AWS on Well-Architected Security

With rising numbers of businesses turning to AWS, Amazon has published a series of resources on cybersecurity best practices. Amazon Well-Architected Labs are hands-on war games and practical code that you can use to teach yourself or your IT team self-defense for the modern business. If you have an AWS account, you can access them on this website or on Github. You can also use their Well-Architected Tool, which has been public since 2014, to review your system or a proposed upgrade at no charge to you. But before you dive into those resources, let’s have a look at what Amazon coders consider best practices for building and maintaining a well-architected security plan.

The Five Pillars

Amazon coders identify five pillars of good web architecture: operational excellence, security, reliability, performance efficiency, and cost optimization. Ideally, you should think about those elements in that order. First, focus on building a system that works, then, as a close second, make sure it’s hacker-proof. Only when those elements are in place should you worry about making your system more reliable, more efficient, and more budget-friendly.

Fixing a Bad System

So you’ve inherited an e-commerce system with bad security. Or you’ve tried to save money by building one yourself, or by hiring a cheap contractor. When you ran your system through the Well-Architected Tool, you saw more problems than you had the time or money to fix. How do you prioritize your problems to get into acceptable shape?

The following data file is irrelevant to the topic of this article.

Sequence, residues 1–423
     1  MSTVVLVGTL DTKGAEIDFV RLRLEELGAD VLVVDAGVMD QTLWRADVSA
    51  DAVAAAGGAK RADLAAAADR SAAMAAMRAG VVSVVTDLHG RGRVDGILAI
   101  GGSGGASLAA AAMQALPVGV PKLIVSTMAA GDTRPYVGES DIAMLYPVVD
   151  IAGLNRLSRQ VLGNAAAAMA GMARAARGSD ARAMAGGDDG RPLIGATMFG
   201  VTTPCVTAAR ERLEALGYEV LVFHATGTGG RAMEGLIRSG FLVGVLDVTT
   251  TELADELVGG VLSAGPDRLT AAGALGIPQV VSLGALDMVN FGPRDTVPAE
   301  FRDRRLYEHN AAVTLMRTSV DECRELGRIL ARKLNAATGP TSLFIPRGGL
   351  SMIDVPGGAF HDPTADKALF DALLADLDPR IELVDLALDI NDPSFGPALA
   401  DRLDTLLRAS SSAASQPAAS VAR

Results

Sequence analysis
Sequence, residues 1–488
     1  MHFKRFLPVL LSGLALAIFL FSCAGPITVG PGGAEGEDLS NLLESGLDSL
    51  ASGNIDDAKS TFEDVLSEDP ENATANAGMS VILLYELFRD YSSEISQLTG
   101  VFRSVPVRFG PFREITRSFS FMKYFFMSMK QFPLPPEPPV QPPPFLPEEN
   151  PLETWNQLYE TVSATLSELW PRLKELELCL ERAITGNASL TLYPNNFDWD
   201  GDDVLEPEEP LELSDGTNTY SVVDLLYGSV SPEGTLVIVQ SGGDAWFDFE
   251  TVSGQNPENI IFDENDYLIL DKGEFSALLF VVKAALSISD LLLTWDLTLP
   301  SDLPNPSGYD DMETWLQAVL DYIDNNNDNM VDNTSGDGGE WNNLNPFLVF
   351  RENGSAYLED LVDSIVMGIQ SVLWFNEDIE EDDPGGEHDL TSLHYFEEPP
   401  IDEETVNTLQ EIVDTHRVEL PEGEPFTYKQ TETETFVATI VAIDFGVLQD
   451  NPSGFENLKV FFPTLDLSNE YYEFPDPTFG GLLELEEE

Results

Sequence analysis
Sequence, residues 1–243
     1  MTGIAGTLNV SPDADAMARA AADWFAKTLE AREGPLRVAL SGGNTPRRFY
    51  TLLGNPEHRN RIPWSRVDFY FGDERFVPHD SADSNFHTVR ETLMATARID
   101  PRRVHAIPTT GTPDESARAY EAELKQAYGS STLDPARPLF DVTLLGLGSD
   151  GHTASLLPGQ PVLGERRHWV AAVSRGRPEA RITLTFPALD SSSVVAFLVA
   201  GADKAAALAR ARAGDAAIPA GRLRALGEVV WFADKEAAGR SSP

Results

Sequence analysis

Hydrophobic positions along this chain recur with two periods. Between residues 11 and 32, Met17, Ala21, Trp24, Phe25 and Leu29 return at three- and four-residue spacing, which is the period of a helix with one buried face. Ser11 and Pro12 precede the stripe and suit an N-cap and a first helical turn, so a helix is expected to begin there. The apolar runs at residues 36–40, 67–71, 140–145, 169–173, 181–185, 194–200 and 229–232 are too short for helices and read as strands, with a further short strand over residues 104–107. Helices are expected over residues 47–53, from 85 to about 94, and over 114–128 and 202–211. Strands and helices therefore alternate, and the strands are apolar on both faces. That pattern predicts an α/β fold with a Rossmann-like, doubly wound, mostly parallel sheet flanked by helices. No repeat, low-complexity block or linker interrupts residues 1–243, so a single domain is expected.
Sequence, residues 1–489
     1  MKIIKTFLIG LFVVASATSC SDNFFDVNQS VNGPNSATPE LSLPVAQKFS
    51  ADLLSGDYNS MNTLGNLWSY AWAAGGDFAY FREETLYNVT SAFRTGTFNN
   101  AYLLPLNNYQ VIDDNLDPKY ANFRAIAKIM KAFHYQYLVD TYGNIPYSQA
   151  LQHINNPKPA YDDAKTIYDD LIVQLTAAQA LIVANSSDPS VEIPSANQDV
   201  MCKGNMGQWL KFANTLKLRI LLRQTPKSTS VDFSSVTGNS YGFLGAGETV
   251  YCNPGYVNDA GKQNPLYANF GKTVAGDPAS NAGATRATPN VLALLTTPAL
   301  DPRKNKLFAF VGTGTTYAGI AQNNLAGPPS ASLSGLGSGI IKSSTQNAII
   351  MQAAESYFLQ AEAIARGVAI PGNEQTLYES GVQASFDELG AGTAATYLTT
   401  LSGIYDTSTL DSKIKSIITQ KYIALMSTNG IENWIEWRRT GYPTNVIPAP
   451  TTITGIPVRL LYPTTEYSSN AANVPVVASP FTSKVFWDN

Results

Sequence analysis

The issues you should look at first are the ones that have to do with identity and access management (IAM). Don’t use shared root credentials, and make sure it’s hard to impersonate an admin. Next, try to find an automated system that can fix as many of your other problems as possible. Your third move should be to turn on AWS’s detective services, like CloudTrail and GuardDuty, as low-cost ways of patching security flaws. Finally, get a plan in place for a security breach. This isn’t the plan a cybersecurity geek would recommend, but it’s a practical guide for business owners who just need to get their web systems in good enough shape.

Keeping People Away from Data

AWS bases its recommendation around a number of design principles, basic goals that it wants all its clients to follow. Most, like “Protect data in transit and at rest” and “Enable traceability” don’t come as a surprise to clients. However, one that tends to catch people off-guard is “Keep people away from data.” Surely the point of data is that it should be shared?

Not really, say security experts. In fact, people are data’s natural enemy. Unnecessary access to data causes it to get corrupted, unintentionally deleted, and accidentally shared. Security is easiest when data is on the virtual shelf.

Responding to Incidents

AWS recommends using their security service, GuardDuty, as a starting point for incident detection. It will detect problems like bitcoin mining that some similar services miss. If you use GuardDuty, which has a one-month free trial, be sure to turn on alerts so that you’re made aware of incidents in real time.

Once you’ve activated GuardDuty, build a security breach playbook for your organization. Make sure you have plans in place for all common issues, written down and accessible to your whole team. The plans should cover gathering relevant information, identifying the potential source of failure, isolating faults, and determining the root causes of issues. You can write these up in markdown language and store them in your source code, so you never forget to update them. If you have time, AWS recommends spending one day a month on “Game Days,” in which your team picks a common incident from your GuardDuty findings and has fun coming up with a playbook together. If you have a big team, you can divide up and make it into a competition with prizes.

Bear these best practices in mind as you and your team make your way through AWS’s tools. Building a well-architected framework doesn’t have to be expensive or time-consuming. It just has to work.

To learn more about building up the online side of your business in a safe and practical way, contact us.

 

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